ADC continuity notes...
On an early Spring morning we find Casey and Ann in a wooded glen of a vast city park, where only a few hours earlier, Tug Loftis, a local pug, had been shot to death. A book of matches from the Briarwald Casino, a disreputable roadhouse, is their only clue. About a year before, the Casino reported a robbery of a large amount of money, but when the police arrived the owners, Jake Salwin and his cousin Lew, denied it. Later Casey obtained a picture of a man with a gun leaning over the still body of Loftis and discovers that the man is a blackmailer by the name of Max Treedy. Casey and Ann go to Treedy's apartment and find him dead and the place in disorder, Again, their only clue is a book if matches from the Briarwald Casino. They go to the Casino and learn that Lew Salwin had stolen the money and that Max Treedy had been blackmailing him for a year. Becoming tired of paying Treedy, Lew decides to frame him by killing Loftis. The story comes to a thrilling climax with Casey capturing the killer and so putting an end to another life of crime.
"Pug" is slang for boxer. It's derived from Latin, pugna, meaning a fight, or battle. It's the reason why boxers are known as "pugilists." The word "pugnacious" is another that comes from it.
4:12 Ethelbert asks Walter to prepare a drink for Mr. Snodgrass, "one of his specials," with a little piece of pineapple in it. No answer from Walter. Snodgrass is obviously a regular customer, but this is the first recording we have that mentions him. There's a good chance the drink is a "Park Avenue Cocktail," a version of gin martini.
5:33 Casey gets a call at the bar from Bill Shapiro, "Shap," who was a main character in 1948-01-29 The Piggy Bank Robbery of just a few weeks prior. There's someone with a tip for Casey waiting back at the office.
6:15 Mrs. McCluskey has a tip for Casey that describes what she says "evidence of a murder... in black and white," but she wants to be paid for it. She asks for $100 ($1200 in 2020 dollars), and Casey gives it. There's a picture sent to her address, and it shows the body of Loftis and his killer. That is, presumed killer...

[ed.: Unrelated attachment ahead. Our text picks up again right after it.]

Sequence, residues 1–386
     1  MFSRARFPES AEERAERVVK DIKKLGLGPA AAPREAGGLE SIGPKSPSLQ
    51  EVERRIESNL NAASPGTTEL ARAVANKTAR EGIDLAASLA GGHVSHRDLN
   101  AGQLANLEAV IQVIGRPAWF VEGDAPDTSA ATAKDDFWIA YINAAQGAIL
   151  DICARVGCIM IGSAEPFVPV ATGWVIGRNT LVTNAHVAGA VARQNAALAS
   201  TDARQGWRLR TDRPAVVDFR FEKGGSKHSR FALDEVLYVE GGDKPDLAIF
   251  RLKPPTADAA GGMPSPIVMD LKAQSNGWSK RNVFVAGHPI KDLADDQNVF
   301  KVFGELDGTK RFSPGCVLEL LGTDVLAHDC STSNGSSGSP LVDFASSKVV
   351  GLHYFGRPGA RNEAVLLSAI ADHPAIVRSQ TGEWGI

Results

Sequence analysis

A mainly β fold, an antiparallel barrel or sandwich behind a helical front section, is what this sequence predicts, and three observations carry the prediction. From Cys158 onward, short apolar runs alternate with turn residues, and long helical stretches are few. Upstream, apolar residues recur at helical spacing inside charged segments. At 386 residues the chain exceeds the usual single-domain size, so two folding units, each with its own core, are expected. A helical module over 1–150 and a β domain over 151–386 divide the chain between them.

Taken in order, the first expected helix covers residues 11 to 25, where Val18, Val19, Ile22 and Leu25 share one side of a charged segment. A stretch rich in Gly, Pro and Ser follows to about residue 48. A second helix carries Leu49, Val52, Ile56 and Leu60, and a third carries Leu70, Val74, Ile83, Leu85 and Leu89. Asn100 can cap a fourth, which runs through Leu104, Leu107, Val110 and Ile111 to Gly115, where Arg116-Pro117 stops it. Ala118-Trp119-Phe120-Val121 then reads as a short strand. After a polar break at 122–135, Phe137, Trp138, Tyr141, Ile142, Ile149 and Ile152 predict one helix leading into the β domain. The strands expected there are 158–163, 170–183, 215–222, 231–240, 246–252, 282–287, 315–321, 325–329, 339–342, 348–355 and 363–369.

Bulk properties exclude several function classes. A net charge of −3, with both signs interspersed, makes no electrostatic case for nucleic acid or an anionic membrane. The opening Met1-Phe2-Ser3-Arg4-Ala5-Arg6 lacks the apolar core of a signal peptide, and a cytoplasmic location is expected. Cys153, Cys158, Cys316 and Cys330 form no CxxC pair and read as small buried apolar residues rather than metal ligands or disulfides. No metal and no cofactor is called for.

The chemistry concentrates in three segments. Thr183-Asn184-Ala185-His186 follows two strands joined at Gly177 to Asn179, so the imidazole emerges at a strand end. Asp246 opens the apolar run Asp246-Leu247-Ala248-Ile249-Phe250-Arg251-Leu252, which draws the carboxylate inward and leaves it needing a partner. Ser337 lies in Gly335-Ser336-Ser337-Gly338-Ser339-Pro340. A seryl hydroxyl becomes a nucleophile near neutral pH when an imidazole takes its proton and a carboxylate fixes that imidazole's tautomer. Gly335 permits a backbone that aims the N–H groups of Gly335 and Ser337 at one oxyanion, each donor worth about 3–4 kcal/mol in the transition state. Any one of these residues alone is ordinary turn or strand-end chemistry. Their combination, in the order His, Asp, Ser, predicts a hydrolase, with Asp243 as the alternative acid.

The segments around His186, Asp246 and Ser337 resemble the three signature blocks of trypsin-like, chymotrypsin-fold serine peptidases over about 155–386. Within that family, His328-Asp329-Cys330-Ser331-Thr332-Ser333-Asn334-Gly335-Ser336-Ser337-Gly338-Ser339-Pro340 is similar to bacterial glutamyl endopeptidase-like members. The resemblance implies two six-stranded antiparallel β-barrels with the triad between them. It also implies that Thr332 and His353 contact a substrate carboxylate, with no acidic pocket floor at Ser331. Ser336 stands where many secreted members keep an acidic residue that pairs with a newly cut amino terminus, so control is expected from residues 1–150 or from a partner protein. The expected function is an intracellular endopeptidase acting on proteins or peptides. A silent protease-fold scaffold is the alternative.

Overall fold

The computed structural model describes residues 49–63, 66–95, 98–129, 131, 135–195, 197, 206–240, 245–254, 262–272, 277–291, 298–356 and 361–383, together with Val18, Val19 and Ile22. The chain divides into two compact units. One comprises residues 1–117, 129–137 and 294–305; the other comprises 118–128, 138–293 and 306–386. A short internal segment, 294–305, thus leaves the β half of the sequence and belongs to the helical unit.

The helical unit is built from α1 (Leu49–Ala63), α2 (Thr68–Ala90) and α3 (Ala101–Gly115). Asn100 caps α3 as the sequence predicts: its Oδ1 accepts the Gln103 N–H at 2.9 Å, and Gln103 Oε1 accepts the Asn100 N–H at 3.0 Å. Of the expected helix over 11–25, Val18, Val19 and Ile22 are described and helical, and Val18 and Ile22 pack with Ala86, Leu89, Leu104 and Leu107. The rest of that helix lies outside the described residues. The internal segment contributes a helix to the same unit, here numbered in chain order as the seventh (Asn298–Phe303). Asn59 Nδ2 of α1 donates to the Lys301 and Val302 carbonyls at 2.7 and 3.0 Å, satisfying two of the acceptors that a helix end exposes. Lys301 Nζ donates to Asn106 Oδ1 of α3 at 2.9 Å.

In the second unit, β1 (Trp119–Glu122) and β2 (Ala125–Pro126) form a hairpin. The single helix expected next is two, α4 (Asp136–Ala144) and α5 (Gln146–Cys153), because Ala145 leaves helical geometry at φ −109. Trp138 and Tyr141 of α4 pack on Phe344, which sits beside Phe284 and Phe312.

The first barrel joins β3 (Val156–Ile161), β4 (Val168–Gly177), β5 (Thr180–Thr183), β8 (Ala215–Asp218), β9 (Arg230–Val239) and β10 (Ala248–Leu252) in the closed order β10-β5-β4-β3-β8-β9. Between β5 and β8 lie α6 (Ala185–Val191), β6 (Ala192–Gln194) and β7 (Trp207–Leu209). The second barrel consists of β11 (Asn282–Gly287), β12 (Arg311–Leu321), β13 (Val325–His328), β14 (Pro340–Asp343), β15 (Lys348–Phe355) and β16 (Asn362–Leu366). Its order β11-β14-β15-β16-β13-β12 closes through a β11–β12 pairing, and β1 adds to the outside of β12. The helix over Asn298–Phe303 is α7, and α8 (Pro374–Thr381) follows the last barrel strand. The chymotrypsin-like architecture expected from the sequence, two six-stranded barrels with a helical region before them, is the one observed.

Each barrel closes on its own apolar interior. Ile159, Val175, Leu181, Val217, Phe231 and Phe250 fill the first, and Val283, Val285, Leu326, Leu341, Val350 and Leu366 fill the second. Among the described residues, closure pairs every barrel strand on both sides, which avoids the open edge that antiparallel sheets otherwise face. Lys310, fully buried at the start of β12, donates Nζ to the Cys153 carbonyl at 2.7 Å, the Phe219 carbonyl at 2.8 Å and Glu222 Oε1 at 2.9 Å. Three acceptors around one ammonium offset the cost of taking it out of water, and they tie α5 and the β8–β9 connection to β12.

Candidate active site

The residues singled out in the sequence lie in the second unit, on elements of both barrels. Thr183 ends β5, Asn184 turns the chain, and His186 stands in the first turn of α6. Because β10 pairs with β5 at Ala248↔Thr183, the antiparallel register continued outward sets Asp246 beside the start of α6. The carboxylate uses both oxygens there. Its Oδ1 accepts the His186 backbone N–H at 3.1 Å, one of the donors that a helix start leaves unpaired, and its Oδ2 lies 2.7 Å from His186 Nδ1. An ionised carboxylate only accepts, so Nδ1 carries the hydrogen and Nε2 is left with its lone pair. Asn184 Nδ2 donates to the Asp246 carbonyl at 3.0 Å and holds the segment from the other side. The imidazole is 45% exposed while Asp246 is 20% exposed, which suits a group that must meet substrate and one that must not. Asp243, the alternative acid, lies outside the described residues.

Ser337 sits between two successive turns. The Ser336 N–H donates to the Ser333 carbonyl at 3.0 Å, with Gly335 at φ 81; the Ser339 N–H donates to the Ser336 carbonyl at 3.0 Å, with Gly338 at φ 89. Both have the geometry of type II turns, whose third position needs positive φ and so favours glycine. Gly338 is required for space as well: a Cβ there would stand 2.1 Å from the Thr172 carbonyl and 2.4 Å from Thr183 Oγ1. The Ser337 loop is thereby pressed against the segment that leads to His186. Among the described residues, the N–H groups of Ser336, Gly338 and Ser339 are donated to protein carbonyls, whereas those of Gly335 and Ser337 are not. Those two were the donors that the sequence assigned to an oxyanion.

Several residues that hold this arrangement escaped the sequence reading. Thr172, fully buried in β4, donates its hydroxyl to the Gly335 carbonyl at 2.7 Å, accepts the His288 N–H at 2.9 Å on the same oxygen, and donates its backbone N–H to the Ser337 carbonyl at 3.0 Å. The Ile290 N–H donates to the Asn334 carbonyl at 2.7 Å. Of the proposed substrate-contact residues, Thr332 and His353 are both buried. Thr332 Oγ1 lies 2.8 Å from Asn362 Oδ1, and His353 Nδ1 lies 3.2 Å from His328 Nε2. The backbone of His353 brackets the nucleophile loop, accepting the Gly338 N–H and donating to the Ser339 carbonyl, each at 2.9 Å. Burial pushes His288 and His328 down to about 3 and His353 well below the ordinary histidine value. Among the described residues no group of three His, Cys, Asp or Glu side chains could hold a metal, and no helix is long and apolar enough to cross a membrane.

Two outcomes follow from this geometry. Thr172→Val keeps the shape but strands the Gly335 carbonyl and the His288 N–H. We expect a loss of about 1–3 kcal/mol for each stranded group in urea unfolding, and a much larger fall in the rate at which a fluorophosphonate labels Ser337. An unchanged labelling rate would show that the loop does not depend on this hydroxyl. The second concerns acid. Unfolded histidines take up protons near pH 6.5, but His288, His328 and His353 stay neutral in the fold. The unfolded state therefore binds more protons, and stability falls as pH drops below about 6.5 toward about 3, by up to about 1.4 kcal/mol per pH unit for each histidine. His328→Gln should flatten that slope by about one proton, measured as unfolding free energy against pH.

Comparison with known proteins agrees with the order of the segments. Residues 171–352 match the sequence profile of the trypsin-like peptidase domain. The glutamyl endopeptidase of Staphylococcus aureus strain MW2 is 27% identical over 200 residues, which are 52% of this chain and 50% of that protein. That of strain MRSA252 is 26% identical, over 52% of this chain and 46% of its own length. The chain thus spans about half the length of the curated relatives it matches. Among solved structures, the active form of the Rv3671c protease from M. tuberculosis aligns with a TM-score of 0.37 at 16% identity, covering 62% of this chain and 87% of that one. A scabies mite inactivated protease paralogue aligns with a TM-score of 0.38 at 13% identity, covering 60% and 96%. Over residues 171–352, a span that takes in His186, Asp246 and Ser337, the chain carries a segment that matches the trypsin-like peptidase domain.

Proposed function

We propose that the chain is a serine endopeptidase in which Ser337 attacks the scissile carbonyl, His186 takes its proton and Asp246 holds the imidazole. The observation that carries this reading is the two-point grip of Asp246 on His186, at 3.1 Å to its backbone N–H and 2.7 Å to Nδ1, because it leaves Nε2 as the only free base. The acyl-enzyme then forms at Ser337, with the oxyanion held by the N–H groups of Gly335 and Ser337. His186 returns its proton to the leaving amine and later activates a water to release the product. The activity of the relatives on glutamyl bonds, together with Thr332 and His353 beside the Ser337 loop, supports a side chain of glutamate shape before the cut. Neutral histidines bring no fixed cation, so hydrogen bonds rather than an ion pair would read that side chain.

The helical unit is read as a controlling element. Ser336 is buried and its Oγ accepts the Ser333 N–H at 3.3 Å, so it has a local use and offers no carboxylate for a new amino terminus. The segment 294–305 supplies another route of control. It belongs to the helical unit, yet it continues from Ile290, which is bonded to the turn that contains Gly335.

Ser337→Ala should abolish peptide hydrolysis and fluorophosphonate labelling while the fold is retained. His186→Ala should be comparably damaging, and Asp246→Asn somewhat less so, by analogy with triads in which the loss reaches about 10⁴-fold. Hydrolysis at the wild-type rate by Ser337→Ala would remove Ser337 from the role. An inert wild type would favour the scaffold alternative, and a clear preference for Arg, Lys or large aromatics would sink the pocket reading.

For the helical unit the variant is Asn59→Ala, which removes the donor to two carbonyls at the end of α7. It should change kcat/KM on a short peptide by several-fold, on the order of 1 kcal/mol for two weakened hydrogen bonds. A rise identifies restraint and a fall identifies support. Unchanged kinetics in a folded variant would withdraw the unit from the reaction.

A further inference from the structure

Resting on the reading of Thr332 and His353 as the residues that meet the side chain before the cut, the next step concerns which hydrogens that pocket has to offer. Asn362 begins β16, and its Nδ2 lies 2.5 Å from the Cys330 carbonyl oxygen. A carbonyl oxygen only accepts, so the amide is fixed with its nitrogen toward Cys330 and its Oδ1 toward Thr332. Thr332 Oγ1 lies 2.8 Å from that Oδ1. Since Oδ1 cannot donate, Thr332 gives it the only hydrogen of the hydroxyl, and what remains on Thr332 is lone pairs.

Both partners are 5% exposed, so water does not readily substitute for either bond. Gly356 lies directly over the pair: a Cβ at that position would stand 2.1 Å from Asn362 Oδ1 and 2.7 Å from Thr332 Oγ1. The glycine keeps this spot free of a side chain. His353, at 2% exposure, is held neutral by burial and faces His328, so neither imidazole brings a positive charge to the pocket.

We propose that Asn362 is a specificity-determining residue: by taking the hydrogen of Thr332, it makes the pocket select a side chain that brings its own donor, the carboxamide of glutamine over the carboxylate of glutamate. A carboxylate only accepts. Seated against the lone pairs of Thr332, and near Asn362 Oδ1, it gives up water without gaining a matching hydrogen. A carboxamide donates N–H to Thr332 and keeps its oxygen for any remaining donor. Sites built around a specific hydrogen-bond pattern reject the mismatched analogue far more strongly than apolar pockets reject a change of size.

9:00 The letter arrived at McCluskey's house in the "morning mail." The Post Office did have twice-daily mail delivery in many cities until April 17, 1950; some businesses had delivery four times a day!
9:30 Casey and Ann figure out that the handwriting on the envelope was misread because of the peculiar way the numbers are written. Once they looked up Max Treedy's name in the phone book, the address made sense. They later find him murdered in his apartment.
15:25 Casey finds another matchbook from the Casino. The kitchenette in Treedy's apartment is set up like a darkroom, which is where he developed the films used in his blackmail scheme. Casey takes a pen from the apartment... that pen is important.
17:22 Cough from the audience.
19:30 Casey sees a note in Lew's office that is the same style of handwriting on the envelope that was mis-delivered. It turns out that the pen was hallow and had a film negative that showed Lew committing the robbery. Treedy was using that image to blackmail Lew.
21:30 Jake comes into the office having overheard Lew's explanation to Casey about how he stole the money ($50,000, which is $600,000 in 2020 US dollars). Jake shoots Lew... but he wasn't dead... and Lew shoots and kills Jake! Casey now knows what really happened, and that the photo of the murder... was not what really happened, but was staged!